Flow Communications


Flow’s 4IR (Fourth Industrial Revolution) campaign for the Sci-Bono Discovery Centre was designed to ramp up public awareness of the centre in general and its 4IR exhibition in particular, reminding the people of Johannesburg that they have a world-class science centre in their city and inviting them to visit and experience all its wonder.

The campaign was an enormous success, driving interest in the 4IR exhibition; making Sci-Bono’s RoboDog a Johannesburg mini-celebrity; and establishing Sci-Bono’s reputation not only as a premier attraction in the city, but also as a place that’s innovative, fun, and a great destination for science learning and exploration.

The brief

RoboDog posts were created for the campaign
RoboDog had never really gone missing at all. But his apparent disappearance was the heart and soul of a campaign that gave Flow a fantastic platform to remind Joburgers that the Sci-Bono Discovery Centre is a local treasure that offers a wonderland of fun, games and learning, all headlined by the 4IR exhibition.

The 4IR exhibition at Sci-Bono is both an unrivalled learning platform and a venue to invest hours in delightful, edifying, fun-filled 4IR play. Headlining the diverse and intriguing 4IR experience are four robots, including a robotic dog that is programmed to behave much like the pet dogs millions of people have at home. That very few Joburgers knew about the 4IR exhibition, or visited it, was a shame that Sci-Bono briefed Flow to put to rights.


  • Secure optimal visibility (on earned, owned and bought media platforms) for the 4IR exhibition, positioning the Sci-Bono Discovery Centre and the 4IR exhibition as fun and instructional. Reach at least half of all Johannesburg residents

  • Through publicity, grow the number of visitors to the 4IR exhibition in particular, and to the Sci-Bono Discovery Centre in general. Secure at least 1 500 visitors to Sci-Bono in December 2021

Note: Covid-19 bedevilled attempts to put a target on visitor arrivals. Comparing year-on-year arrivals added very little value as the lockdown curtailed peoples ability to go wherever they wanted, whenever they wanted. In addition, there’s no doubt that the fear of being exposed to the virus (in a public venue like Sci-Bono) curtailed arrivals in both 2020 and 2021. As a result, a target arrivals number for the 2021 festive season was set low. It was more important to bring Sci-Bono (and the 4IR exhibition in particular) to public attention. The team was charged to reach at least half of all Johannesburg residents.


The agency was determined to avoid a “come and look” campaign that masqueraded as advertising and would offer social media surfers and journalists very little in the way of newsworthy content.

The solution was to create news by fabricating the disappearance of RoboDog, and alerting the social media community and media that it had “gone missing”.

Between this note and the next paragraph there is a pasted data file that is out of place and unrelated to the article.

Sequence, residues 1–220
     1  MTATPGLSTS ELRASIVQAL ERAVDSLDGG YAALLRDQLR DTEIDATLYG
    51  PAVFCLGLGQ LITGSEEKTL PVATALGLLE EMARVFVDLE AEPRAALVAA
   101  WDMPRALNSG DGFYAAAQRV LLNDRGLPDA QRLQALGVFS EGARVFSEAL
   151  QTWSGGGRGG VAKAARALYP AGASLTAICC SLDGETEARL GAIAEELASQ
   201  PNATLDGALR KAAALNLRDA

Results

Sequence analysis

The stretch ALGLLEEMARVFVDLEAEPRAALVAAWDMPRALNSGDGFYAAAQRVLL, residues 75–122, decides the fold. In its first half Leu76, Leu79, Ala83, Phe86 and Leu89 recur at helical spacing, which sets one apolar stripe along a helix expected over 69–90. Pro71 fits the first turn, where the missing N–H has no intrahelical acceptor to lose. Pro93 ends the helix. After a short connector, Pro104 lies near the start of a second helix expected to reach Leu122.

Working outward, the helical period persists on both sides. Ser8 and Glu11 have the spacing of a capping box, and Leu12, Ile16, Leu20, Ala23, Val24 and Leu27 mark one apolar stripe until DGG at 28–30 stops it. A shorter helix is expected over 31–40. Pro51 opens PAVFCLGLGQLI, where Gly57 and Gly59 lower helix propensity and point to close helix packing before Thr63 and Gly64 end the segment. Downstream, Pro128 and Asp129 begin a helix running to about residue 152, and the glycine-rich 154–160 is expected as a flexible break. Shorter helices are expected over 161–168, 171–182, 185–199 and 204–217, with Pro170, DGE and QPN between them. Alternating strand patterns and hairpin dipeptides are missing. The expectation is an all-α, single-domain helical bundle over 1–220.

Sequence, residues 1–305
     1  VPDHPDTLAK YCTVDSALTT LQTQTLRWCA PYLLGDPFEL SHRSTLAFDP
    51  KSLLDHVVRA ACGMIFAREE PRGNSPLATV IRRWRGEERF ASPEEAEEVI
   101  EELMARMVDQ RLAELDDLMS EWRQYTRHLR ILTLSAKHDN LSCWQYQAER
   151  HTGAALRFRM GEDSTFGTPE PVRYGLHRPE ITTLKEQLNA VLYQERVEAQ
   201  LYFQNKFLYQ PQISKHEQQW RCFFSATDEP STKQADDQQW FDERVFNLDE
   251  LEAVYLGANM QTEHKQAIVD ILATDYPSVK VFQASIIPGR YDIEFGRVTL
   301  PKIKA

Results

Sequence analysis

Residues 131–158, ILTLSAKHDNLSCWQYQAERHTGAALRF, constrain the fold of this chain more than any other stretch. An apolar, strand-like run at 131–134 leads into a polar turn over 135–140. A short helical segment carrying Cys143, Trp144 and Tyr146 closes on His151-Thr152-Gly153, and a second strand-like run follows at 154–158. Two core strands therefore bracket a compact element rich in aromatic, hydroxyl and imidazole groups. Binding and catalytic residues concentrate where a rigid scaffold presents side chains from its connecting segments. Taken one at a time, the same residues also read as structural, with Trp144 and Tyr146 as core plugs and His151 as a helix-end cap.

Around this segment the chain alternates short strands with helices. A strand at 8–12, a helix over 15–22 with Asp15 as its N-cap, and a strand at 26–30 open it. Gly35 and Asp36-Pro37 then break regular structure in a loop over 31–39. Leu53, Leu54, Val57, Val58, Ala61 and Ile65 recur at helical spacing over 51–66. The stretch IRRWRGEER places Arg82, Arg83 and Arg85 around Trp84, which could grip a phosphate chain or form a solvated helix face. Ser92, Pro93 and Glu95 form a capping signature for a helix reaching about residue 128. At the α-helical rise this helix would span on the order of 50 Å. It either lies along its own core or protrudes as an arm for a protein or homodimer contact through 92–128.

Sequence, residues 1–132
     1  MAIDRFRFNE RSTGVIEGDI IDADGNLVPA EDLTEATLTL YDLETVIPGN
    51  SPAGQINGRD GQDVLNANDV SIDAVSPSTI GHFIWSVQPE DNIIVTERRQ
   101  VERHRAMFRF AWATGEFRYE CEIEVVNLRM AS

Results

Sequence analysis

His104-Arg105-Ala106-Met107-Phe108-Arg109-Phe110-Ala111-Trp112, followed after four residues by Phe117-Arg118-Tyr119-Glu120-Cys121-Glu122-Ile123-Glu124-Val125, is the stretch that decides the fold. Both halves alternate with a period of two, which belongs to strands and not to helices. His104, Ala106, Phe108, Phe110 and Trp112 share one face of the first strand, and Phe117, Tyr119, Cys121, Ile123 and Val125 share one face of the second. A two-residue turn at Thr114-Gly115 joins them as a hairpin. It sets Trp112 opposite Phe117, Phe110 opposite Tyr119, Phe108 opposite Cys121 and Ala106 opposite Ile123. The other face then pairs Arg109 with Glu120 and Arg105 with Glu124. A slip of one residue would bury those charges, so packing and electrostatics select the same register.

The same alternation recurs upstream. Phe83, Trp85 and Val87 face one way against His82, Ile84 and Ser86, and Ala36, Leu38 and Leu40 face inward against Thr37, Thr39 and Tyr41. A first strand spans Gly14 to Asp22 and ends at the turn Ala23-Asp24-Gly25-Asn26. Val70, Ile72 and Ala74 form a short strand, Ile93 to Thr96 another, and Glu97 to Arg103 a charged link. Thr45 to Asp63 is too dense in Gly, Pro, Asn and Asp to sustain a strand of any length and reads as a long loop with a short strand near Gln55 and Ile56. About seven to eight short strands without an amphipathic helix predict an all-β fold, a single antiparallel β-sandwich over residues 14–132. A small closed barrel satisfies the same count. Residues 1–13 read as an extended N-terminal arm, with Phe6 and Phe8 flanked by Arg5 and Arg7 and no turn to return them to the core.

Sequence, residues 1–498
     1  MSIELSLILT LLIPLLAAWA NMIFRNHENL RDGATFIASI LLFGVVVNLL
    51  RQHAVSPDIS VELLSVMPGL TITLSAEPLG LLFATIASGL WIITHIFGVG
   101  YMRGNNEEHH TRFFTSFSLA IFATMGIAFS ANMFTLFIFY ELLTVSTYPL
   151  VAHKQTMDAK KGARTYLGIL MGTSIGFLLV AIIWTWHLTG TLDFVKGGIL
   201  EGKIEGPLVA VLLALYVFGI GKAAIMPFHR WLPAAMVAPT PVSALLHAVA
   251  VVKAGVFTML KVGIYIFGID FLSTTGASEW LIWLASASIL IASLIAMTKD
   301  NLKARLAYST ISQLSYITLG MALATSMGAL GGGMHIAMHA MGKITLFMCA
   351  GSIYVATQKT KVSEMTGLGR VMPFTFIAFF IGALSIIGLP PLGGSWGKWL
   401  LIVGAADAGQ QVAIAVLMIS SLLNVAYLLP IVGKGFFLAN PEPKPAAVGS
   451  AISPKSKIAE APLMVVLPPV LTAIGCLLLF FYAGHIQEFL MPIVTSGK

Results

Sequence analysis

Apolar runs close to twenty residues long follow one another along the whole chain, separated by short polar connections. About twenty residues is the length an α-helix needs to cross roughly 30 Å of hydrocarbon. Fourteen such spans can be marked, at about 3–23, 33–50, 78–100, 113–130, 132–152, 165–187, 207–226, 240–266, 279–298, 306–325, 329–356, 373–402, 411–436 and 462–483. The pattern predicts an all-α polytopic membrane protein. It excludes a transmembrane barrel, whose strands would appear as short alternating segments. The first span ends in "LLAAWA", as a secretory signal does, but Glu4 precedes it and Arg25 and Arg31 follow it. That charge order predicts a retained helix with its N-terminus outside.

While both agency and client understood this was risky, the collective knew the idea was the ticket to broad-based public awareness and talkability. It was also the ideal platform on which to communicate the wider, compelling 4IR and Sci-Bono message set: amazing tech; a great day out; an open door to limitless 4IR fun and applications; accessible; safe; great coffee (and so on).


That RoboDog was “missing” was first announced on Sci-Bono’s Instagram, Facebook and Twitter pages. An hour after this announcement, a media alert about the missing robo-canine was issued. Of course, RoboDog was not missing at all, and never had been.

Within minutes, people were engaging on social media, expressing dismay; hoping RoboDog would soon be found; and (inevitably) speculating on who could have taken him from Sci-Bono. Editors jumped on the story, too, reporting the disappearance of the valuable RoboDog; publishing Sci-Bono’s appeal to the public to help find him; and giving generous column centimetres to the key message that the RoboDog is a much-loved, charismatic and treasured member of the Sci-Bono 4IR robotic family.

Flow stuck posters up at Sci-Bono and in and around Newtown (where Sci-Bono is located) declaring that RoboDog was on the loose and appealing for his return.

The campaign ran all weekend, generating unprecedented engagement on social media platforms and copious editorial coverage. There was 24/7 community engagement on social media and a flurry of media interviews with Sci-Bono chief executive Dr More Chakane.

On Monday 29 November 2021, the announcement was made (on social media platforms and via a media release) that RoboDog had returned to his home at the 4IR exhibition.

Editorial coverage of the happy return of RoboDog flooded in. Social media lit up with messages of delighted relief and congratulations. The city (and the nation) got behind the spirit of the campaign, delighting in the good-natured trick that Sci-Bono had played. In all, the campaign effectively communicated the wonders that Sci-Bono holds, and the special appeal of the 4IR exhibition.


  • Editorial reach: 22 771 531
  • Social media reach: 5 440 000
  • Total reach: 28 211 531 (in 2019, it was estimated that Johannesburg had around 5.7-million residents. The campaign was tasked to reach around three million people. The target was exceeded by 900%)
  • Advertising value equivalent of coverage: R390 000
  • PR value of coverage: R1 160 000